Procedural Posture

Appellant general contractor sought review of a judgment of the Superior Court of Yuba County (California), which rendered a judgment in favor of respondent subcontractor in the subcontractor’s action on a common count to recover for services rendered.

California Business Lawyer & Corporate Lawyer, Inc. understands CACI 204


The parties entered into a subcontract for certain work on an Air Force base. The subcontractor’s work was completed satisfactorily and was accepted by the contractor. Another subcontractor damaged a pipeline. The subcontractor agreed to do the repairs for payment, which was authorized by the contractor’s president. After the work was done, the contractor refused to pay the bills. The contractor claimed that the subcontract between the parties obligated the subcontractor to perform the work of repair and, therefore, the subsequent agreement to pay for the repairs was without consideration and unenforceable. On appeal, the court held that the settlement of the dispute by the contractor’s new promise to pay was supported by sufficient consideration. The subcontract was not clear in that its language was uncertain as to whether the parties meant “final acceptance” of the work or the entire project. The court further found that the subcontractor was not estopped to recover the amount sued for on the basis of alleged billing irregularities. The court found that when the contractor received the billing, there was no right to set-off under the original subcontract.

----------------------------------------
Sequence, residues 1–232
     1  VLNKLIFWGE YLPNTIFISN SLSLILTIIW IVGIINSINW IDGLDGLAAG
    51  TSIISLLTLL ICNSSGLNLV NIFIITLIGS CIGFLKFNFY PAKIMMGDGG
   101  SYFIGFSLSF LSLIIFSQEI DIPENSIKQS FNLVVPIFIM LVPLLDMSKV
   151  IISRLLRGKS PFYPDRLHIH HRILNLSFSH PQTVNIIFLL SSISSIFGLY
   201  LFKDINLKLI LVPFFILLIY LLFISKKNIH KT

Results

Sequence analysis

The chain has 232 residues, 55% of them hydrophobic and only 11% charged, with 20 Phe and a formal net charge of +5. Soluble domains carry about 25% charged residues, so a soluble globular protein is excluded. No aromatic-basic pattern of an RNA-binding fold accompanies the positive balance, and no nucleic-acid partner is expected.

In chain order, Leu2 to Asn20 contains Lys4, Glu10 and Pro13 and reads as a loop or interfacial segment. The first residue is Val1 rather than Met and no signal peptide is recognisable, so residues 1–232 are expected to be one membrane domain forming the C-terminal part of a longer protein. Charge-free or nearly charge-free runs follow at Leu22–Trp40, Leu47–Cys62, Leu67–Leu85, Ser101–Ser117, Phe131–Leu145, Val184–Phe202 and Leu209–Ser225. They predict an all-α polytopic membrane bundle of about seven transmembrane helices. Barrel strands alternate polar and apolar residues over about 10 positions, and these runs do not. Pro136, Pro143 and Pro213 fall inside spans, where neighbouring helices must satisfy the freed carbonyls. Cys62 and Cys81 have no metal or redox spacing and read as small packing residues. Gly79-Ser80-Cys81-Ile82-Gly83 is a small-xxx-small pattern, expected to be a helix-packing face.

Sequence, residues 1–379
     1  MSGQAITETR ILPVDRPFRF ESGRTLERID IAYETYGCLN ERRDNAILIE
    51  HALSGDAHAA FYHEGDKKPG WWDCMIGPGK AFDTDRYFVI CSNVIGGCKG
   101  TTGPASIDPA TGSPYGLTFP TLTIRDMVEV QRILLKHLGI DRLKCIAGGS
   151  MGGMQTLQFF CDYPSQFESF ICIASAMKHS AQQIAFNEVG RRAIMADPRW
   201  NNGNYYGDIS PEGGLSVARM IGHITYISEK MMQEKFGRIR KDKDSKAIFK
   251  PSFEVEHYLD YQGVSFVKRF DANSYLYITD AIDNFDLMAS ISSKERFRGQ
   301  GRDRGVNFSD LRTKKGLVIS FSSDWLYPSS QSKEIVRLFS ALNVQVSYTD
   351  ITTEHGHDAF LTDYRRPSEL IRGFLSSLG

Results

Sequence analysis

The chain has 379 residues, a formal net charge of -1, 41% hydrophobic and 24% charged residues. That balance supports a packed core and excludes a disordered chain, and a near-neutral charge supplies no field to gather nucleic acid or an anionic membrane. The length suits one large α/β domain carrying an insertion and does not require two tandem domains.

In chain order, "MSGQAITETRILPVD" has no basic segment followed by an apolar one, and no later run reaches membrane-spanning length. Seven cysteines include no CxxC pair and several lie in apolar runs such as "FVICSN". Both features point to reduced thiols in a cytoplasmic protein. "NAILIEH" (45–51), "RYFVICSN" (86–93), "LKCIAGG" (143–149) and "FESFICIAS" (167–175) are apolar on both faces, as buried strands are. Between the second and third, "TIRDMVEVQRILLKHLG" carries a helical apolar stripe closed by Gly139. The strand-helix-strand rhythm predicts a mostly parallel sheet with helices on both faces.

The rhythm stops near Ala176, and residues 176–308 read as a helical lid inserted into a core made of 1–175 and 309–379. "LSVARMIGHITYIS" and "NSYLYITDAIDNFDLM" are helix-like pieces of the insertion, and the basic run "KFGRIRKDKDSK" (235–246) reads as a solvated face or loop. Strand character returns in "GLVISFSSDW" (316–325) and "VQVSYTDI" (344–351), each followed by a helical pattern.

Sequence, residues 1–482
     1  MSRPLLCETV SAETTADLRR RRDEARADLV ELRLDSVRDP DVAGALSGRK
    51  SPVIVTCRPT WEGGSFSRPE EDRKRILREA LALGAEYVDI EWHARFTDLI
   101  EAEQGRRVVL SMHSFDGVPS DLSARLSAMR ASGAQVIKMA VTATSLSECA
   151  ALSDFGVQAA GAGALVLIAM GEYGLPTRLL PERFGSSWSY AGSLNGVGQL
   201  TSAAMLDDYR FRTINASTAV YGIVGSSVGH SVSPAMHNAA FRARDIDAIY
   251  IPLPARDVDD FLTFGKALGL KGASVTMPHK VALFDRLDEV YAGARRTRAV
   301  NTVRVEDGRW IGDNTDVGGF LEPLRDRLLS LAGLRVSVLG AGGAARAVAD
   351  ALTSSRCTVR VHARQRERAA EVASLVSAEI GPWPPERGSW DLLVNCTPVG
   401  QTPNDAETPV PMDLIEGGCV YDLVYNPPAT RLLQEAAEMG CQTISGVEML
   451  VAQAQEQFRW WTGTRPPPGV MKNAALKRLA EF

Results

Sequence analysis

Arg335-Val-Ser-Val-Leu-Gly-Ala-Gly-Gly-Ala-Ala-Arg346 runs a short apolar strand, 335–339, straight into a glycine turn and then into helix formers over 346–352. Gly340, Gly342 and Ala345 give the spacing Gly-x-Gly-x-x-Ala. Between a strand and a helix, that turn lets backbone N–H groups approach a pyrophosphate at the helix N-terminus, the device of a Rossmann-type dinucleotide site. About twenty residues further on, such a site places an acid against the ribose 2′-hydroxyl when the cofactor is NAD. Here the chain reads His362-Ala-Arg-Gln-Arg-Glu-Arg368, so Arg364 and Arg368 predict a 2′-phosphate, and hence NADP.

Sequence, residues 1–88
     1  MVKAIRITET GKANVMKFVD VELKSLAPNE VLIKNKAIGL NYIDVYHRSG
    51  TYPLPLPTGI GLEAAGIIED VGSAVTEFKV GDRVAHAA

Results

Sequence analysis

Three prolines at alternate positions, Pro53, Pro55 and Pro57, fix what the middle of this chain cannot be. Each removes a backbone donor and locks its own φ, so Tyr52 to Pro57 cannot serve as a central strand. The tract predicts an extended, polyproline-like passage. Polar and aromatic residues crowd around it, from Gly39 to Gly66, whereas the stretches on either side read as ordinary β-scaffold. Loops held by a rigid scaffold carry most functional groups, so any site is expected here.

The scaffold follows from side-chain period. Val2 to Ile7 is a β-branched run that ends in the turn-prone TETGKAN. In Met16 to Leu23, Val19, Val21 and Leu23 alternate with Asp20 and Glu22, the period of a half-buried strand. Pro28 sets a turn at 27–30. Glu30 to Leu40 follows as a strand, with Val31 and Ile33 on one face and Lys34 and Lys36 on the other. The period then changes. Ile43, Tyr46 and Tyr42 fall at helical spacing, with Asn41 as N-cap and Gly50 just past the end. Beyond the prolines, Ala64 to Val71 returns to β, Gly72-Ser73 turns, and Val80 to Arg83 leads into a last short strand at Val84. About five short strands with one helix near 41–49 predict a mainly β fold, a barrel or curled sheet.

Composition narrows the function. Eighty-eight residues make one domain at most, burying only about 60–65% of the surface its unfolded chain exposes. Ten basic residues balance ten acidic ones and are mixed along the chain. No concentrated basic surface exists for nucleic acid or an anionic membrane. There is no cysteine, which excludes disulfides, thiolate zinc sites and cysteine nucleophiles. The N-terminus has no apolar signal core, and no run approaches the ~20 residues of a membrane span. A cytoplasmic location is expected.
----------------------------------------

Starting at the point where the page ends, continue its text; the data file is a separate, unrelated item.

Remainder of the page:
The court affirmed the judgment of the trial court.